Reagan Jr takes on TV rightwinger
The son of the former Republican president, Ronald Reagan, has become a liberal talk show host going head-to-head with his dad's onetime director of communications, Pat Buchanan.
New York to open gay high school
The Harvey Milk High School, named after San Fransisco's first openly gay supervisor who was assassinated in 1978, will enrol about 100 students this autumn in a newly renovated building in Greenwich Village.
A tale of two leaders
True, both have their own specific local difficulties that are related to, but deflect from the big picture. Bush has the 16 words in his state of the union address that everybody knew were untrue and almost everybody but himself will take responsibility for. "The British government has learned that Saddam Hussein recently sought significant quantities of uranium from Africa." Blair has the death of Dr David Kelly on his conscience and Kelly's ghost to haunt him in the form of the Hutton inquiry.
Councillor shoots dead political rival
James Davis, 41, a Brooklyn councillor, former police officer and anti-violence crusader, died after being shot twice in the chest from close range by his political rival, Othniel Askew, 31.
Don't blame September 11 on spy failures, says report
But despite objections from some senators a crucial 28 pages of the 900-page report, which criticises Saudi Arabia for its lack of interest in clamping down on Islamist extremists, has been removed from the final document.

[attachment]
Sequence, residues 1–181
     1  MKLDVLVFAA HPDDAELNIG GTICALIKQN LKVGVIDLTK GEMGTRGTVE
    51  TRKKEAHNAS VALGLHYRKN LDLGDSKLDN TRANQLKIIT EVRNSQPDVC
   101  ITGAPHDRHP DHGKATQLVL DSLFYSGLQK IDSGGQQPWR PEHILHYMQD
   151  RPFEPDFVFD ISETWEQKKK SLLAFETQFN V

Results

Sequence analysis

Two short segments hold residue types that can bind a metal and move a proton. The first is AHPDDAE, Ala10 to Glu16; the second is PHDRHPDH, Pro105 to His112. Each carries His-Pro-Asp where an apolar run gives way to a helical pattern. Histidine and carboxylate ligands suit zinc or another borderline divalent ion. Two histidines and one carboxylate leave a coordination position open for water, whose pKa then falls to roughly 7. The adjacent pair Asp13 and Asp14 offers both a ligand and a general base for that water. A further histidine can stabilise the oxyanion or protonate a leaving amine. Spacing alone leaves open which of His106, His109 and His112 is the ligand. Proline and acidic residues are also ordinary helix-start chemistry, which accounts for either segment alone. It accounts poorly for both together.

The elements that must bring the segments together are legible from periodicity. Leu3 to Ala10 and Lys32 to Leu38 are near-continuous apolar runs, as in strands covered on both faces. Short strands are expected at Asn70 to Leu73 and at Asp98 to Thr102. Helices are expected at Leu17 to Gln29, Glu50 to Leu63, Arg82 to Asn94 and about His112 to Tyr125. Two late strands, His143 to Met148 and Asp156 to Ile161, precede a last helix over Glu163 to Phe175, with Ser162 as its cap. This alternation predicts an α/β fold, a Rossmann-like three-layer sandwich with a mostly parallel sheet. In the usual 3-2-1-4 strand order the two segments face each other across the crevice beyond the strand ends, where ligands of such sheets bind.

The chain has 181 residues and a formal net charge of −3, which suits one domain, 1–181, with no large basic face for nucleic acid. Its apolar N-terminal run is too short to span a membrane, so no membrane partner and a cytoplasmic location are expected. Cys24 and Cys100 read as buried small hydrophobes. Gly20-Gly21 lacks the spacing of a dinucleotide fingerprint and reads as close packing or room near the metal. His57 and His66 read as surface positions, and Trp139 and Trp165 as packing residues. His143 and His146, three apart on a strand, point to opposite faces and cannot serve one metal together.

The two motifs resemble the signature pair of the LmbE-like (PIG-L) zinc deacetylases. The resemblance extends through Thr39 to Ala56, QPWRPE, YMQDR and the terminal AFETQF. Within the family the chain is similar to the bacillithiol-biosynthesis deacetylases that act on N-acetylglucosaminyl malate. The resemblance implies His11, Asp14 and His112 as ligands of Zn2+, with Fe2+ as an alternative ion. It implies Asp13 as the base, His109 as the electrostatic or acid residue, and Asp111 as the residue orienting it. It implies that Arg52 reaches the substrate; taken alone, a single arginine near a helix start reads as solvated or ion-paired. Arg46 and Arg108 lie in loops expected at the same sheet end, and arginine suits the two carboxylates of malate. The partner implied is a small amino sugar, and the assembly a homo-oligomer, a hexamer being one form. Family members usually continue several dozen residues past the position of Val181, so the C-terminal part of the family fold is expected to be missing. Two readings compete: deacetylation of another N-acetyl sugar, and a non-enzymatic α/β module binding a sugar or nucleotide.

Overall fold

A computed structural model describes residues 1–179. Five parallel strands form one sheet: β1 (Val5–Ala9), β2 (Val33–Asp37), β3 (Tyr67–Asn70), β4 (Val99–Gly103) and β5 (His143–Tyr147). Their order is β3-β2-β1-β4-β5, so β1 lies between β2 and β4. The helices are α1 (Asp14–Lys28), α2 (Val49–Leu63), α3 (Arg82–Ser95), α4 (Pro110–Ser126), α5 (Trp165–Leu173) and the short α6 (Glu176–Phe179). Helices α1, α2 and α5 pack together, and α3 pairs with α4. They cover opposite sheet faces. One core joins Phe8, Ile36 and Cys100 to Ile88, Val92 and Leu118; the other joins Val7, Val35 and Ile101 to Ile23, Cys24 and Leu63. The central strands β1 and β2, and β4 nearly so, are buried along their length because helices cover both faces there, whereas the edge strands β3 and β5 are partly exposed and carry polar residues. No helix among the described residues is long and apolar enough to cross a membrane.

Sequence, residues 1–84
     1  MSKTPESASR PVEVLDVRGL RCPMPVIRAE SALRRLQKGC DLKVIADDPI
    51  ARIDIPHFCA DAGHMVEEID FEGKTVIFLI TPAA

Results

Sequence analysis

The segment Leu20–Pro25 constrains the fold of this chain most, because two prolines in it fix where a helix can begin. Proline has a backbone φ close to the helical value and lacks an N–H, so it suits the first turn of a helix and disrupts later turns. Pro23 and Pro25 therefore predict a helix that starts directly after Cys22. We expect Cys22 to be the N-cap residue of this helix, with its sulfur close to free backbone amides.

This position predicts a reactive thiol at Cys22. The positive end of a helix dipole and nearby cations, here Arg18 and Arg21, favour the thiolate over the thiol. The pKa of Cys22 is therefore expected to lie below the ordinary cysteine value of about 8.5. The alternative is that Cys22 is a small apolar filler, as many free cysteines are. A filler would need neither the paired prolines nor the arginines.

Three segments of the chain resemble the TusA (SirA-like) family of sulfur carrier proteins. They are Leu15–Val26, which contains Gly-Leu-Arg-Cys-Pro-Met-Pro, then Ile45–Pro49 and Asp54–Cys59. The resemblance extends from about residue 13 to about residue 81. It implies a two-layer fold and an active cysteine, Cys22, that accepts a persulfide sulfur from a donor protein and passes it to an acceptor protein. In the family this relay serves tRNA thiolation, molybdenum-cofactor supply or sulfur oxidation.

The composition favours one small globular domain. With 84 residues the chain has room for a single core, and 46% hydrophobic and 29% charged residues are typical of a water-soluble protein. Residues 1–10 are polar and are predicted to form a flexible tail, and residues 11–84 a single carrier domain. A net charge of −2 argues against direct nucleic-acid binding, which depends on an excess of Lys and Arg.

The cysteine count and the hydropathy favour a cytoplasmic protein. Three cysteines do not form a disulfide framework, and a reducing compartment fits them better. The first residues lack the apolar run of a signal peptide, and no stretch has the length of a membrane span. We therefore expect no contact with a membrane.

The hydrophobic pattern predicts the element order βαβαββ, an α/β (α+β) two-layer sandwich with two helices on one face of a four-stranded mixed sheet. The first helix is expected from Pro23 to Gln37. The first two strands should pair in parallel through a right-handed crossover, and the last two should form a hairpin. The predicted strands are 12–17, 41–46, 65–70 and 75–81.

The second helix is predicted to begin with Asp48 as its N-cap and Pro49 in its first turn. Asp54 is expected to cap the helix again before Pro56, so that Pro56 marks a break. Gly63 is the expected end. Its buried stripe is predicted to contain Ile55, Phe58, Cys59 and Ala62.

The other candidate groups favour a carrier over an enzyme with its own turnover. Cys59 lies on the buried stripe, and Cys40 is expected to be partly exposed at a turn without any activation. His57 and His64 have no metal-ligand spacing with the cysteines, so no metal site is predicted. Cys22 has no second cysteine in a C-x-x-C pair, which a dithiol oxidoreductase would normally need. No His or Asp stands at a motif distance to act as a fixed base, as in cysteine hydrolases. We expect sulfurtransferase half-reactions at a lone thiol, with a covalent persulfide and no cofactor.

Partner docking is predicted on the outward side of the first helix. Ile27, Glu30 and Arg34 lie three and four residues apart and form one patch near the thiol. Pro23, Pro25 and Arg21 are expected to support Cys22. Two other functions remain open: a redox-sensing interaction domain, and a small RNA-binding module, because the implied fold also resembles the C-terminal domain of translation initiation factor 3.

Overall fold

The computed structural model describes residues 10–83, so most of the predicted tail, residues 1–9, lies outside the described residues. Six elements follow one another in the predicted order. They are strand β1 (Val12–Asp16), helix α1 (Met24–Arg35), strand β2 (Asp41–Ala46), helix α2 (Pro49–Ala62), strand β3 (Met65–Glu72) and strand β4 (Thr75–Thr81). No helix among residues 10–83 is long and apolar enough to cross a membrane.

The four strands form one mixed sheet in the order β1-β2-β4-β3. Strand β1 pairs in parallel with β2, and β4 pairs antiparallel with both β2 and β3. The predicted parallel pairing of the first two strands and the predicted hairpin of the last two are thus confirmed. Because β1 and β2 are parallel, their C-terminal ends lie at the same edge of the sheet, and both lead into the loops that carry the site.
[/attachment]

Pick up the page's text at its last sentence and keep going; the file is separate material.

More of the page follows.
Dead: the sons of Saddam
Wednesday 23rd July 2003,
The deaths of Saddam's two fugitive "princes" represent the biggest coup for coalition forces since the fall of Baghdad more than three months ago. It offers Washington and London hope of a turning point in a bloody guerrilla war.
The home of service? It took seven months to get the cable guy round
Wednesday 23rd July 2003,
For the belief from Europe is that America is the home of service culture and New York is its capital. As long as you can pay for it then anything you want is yours.
Annan backs Iraq's US-picked leaders
In a report released yesterday he called on the UN security council, which will discuss the report today, to "assist the governing council" and "confer legitimacy on the process" of transition to democracy laid out by the occupying powers.
Big Apple's core
On Monday Central Park celebrates its 150th birthday - marking the dramatic evolution from the "filthy, squalid and disgusting" suburb that one of the park's first board of commissioners described, to the 341-hectare (843-acre) patch of tranquillity framed by skyscrapers, sometimes referred to as "the lungs of the city".
Models freed to sue US agencies for price fixing
Six models brought the claim that 13 agencies based in New York, including giants such as Ford, Elite and Wilhemina, worked together to keep prices down and commissions up.
Youth find more truth in Eminem than Bush
Americans don't care what Europe thinks of them and believe their children find more truth in Eminem's lyrics than the speeches of George Bush.
Mexicans expelled in 30s ask for justice